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Bonus Quotation of the Day…

… is from page 568 of the final volume (2016) – Bourgeois Equality – of Deirdre McCloskey’s soaring trilogy on the essence and role of bourgeois values in modern life (original emphasis):

The big and little tragedies of a profit-directed economy are necessary for it to get better.  The same is true in science and art, though not about money profit.  Many experiments fail, and we get the benefit from the better ideas for surgeries and paintings and fish restaurants that succeed because resources have been reallocated to them instead.

Trade-tested betterment is the most altruistic of economic systems, because everything is directed toward satisfying ordinary customers.

Those who would restrict trade – here because the suppliers that customers choose to patronize aren’t members of state-approved guilds, there because the suppliers that customers choose to patronize carry passports issued by an agency different from the agency that issues those customers’ passports, and over yonder because the suppliers that customers choose to patronize charge prices that are deemed by ‘leaders’ to be too low or too high – are insufferably ignorant and arrogant.  They would disrupt the competitive process by substituting their own judgments of how trade should proceed for the judgments of the actual individuals who put their own money and reputations on the line with every trade – namely, consumers spending, and producers and investors risking, their own money.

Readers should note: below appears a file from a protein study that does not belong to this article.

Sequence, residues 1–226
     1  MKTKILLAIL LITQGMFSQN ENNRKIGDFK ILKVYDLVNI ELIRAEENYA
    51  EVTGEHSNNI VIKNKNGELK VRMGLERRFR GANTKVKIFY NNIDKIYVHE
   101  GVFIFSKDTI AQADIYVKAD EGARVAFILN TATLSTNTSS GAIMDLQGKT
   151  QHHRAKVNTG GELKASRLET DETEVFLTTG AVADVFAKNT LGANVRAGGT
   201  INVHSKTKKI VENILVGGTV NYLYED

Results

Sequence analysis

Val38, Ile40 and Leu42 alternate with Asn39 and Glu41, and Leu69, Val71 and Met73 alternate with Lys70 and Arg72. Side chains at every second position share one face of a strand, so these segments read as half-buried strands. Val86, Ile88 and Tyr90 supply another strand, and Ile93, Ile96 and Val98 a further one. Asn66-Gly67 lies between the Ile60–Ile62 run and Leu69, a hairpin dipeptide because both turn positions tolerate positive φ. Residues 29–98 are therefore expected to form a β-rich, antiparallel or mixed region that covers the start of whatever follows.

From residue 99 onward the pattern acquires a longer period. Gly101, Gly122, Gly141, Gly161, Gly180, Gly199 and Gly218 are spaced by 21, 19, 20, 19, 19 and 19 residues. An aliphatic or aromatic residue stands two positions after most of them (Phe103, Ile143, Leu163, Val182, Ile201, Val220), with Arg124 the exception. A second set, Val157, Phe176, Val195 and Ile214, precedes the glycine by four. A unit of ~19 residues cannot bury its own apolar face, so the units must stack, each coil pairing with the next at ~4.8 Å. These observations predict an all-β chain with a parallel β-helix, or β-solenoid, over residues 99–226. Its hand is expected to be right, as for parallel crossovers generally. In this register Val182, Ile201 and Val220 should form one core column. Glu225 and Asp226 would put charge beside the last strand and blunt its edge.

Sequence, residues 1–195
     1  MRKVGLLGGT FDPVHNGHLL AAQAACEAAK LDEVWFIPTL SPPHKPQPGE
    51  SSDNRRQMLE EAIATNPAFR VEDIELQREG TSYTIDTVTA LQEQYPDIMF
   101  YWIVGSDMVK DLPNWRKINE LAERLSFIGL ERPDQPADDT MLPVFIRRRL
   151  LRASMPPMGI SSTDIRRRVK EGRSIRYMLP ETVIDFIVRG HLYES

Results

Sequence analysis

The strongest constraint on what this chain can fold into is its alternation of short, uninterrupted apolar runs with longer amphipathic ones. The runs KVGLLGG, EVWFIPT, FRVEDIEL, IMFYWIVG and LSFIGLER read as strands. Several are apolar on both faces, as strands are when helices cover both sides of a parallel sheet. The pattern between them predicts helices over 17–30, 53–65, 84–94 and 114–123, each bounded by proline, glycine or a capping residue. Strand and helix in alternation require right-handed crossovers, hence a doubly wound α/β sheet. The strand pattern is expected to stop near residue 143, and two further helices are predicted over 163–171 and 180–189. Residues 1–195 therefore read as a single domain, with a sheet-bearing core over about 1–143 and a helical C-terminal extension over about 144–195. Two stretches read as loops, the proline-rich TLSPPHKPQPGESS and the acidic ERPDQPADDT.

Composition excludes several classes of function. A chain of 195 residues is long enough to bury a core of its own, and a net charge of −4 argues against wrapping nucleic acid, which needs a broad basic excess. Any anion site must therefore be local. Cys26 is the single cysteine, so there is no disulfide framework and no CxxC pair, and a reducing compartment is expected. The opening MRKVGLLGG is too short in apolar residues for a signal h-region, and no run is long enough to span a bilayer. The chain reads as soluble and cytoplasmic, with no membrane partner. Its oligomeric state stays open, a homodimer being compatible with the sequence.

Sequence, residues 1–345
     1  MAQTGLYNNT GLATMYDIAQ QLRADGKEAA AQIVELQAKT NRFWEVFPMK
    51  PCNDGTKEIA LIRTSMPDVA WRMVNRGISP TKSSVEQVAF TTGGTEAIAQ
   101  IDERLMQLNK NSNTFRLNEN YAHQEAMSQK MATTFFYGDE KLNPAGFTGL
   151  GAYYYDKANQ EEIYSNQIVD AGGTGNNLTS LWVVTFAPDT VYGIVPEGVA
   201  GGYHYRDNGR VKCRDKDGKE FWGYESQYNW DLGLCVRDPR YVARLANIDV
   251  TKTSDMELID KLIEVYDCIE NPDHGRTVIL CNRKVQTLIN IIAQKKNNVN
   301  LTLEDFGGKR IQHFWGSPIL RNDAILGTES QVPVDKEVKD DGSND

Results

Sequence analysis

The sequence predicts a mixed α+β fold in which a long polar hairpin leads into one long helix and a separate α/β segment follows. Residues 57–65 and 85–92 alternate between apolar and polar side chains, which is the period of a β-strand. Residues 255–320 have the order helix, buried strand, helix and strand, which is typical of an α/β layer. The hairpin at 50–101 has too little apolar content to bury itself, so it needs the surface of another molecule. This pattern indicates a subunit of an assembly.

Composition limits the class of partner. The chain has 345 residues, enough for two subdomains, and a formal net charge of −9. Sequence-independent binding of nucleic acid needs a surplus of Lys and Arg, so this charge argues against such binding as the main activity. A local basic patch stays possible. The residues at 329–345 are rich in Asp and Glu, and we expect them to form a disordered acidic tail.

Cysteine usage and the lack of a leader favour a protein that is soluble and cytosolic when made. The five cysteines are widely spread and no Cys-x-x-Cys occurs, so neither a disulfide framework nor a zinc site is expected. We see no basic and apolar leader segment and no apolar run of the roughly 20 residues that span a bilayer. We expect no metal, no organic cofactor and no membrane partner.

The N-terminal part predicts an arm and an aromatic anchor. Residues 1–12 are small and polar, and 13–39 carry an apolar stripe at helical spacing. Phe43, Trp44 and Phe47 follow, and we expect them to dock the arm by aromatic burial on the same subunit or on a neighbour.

While towns boasting names such as “Cambridge” and “Palo Alto” and “Washington” have no shortage of residents who can write abstract models that show just how this restriction on trade and that restraint of commerce can, under just the right circumstances, increase social welfare – and while these writers-of-abstract-models frequently fancy themselves as being counsellors and confidants to the Powerful – these writers-of-abstract-models remain not only shockingly naive about the actual motives and actions of the Powerful whom they so pantingly admire, but also distressingly unaware of how real-world economies differ in many crucial ways from their lovely abstract social-engineering models.